Saturday, December 4, 2010

Perspectives on ADHD

I'm posting this collection of links here (rather than at IOC) because the diagnosis for ADHD in children still leans about 4 to 1 boys vs. girls. My sense is that this represents more of an effort to medicate boys and make them more docile, but there are other factors for this as well.

Partly, I think there has been an immense increase in the prevalence of ADHD as a result of poor diet (too much processed foods, too little healthy omega-3 fats) and because kids' toys today would make any brain hyperactive (far too many flashing lights, moving objects, colors, sounds).

Every cell in the brain is made from lipids (fats) and if kids do not get enough healthy fats, those cells do not develop properly. Saturated fats and especially trans fats produce less healthy cell structures. Kids need omega-3 fats from fish, walnuts, mother's milk (and mothers are generally deficient as well), and vegetable sources (flax seed/oil, hemp seed/oil).

Further, research shows that young kids develop better and learn better with one or two objects to focus on, repeatedly. But parents and toy manufacturers seem to believe that infants and young children have short attention spans, but that is because we have made them that way.

Anyway, ADHD is a hot topic for research, so here are some recent articles I have been collecting. There is considerable evidence developing that there is a genetic element to ADHD, although I suspect it is more epigenetic in origin.

Gene Linked To ADHD Allows Memory Task To Be Interrupted By Brain Regions Tied To Daydreaming

Neuroscientists at Georgetown University Medical Center (GUMC) say brain scans show that a gene nominally linked to attention deficit hyperactivity disorder (ADHD) leads to increased interference by brain regions associated with mind wandering during mental tasks.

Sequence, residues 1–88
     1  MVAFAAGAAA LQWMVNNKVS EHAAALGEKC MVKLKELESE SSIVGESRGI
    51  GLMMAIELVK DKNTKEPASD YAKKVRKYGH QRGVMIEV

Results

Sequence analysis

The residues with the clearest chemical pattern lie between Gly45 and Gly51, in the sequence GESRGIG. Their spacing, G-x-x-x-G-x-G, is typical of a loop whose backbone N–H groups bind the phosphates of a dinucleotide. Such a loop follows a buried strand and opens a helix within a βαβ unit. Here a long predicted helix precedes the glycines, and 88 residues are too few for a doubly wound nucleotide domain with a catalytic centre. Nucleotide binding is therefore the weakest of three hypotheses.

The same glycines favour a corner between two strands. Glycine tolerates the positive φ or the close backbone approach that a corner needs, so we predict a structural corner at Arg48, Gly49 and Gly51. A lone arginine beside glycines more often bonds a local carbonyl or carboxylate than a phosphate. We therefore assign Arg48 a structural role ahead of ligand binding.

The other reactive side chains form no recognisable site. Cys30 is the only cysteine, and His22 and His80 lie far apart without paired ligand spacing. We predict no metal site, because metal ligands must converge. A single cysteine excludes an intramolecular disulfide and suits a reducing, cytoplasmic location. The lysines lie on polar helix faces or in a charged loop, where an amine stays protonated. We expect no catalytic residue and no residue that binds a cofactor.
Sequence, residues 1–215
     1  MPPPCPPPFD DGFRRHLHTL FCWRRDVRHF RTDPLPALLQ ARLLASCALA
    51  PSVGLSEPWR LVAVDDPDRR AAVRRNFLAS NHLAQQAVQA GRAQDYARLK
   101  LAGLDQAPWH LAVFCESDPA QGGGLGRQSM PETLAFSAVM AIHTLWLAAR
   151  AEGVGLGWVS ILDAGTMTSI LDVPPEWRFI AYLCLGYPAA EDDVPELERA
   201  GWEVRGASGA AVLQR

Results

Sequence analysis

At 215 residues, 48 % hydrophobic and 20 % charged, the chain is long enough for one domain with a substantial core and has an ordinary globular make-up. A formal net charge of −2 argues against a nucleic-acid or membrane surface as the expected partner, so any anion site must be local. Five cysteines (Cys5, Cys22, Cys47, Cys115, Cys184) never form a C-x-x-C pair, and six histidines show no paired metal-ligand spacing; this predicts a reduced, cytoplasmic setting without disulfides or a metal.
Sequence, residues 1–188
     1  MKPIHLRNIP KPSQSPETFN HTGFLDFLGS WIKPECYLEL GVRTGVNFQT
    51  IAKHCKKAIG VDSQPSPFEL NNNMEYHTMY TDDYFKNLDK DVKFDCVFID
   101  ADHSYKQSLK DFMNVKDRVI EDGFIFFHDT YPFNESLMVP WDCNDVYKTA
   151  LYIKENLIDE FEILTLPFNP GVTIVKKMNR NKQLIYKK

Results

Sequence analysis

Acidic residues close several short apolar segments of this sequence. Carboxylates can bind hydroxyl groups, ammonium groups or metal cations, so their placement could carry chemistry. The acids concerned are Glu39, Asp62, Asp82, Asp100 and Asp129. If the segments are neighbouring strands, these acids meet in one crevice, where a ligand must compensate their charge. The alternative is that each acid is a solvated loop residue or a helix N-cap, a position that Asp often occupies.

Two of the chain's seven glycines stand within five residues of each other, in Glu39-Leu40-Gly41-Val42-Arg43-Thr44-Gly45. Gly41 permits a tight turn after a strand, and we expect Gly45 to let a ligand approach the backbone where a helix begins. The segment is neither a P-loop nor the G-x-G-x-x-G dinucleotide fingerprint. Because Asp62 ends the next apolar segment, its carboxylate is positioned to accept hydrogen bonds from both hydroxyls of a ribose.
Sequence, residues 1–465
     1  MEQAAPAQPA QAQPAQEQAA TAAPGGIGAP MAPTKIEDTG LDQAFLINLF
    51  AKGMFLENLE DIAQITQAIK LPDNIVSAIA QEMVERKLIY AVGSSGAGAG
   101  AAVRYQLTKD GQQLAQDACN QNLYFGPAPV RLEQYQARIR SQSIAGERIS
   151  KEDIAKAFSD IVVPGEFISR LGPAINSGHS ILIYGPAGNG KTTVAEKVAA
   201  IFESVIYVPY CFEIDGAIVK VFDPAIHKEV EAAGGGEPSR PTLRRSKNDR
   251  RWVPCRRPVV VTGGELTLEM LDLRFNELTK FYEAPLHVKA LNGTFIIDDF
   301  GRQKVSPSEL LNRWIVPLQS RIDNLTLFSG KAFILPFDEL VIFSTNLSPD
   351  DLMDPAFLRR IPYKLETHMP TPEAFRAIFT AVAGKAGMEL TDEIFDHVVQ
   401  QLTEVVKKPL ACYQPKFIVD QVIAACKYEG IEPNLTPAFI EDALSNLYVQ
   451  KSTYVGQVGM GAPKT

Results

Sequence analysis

Presented at the annual meeting of the Society for Neuroscience, these researchers believe their findings are the first to show, through brain scanning, the differences in brain network relationships between individuals with this particular form of gene and others with a different form.

"Our goal is to narrow down the function of candidate genes associated with ADHD, and in this study, we find this gene is tied to competition between brain networks. This could lead to increased inattention, but it likely has nothing to do with hyperactivity," says the study's lead author, Evan Gordon, a doctoral candidate in the Interdisciplinary Program in Neuroscience at GUMC. "This is just one gene, and it does not cause ADHD but likely contributes to it. The disorder is believed to be due to a myriad of genetic factors."

The gene in question is DAT1; its protein produces the dopamine transporter that helps regulate dopamine transmission between brain cells. The DAT1 gene comes in two alleles, or forms - DAT1 10 and DAT1 9. People who inherit two 10 alleles (10/10) are said to be at greater risk for developing ADHD than people who inherit 10/9 alleles. Rarely does someone inherit two 9 alleles, according to Gordon; he says, in fact, that the10 allele is slightly more common than the 9 allele.

The biological significance of inheriting a DAT1 10 allele is that the brain produces excess quantities of dopamine transporters, and that results in less dopamine signaling between neurons. Too many dopamine transporters quickly scoop up dopamine released by neurons, leaving fewer available to actually reach other neurons and pass on a signal. If there are fewer transporters, more dopamine stays in the synapse between neurons, triggering a reaction.

That is important, Gordon says, because dopamine is important for "gating" the transfer of information between brain regions - that is, allowing or preventing new information to come in. "The belief is that dopamine helps teach certain brain regions how and when to gate, and that 10/10 carriers are not gating as quickly or effectively as is possible."

That is exactly what the researchers found when they used functional MRI (fMRI) on a group of 38 participants. Half of the groups were 10/10 carriers and half were 10/9 carriers, and none of the participants were diagnosed with ADHD.

The researchers investigated the activity in two areas of the brain, the default mode network (DMN), which is associated with mind wandering or daydreaming and is active when the mind is at rest, and task-positive networks (TPNs), which are active during problem solving and other cognitive work. In this study, participants were asked to remember letters they saw on a screen inside the fMRI machine, and to recall them, thus activating TPNs.